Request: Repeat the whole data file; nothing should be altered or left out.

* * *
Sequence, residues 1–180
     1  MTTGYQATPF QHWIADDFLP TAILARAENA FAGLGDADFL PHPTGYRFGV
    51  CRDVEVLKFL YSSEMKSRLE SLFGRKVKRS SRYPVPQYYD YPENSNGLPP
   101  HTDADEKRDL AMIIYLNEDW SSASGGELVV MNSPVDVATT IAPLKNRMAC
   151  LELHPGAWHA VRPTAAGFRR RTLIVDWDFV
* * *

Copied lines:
Sequence, residues 1–180
     1  MTTGYQATPF QHWIADDFLP TAILARAENA FAGLGDADFL PHPTGYRFGV
    51  CRDVEVLKFL YSSEMKSRLE SLFGRKVKRS SRYPVPQYYD YPENSNGLPP
   101  HTDADEKRDL AMIIYLNEDW SSASGGELVV MNSPVDVATT IAPLKNRMAC
   151  LELHPGAWHA VRPTAAGFRR RTLIVDWDFV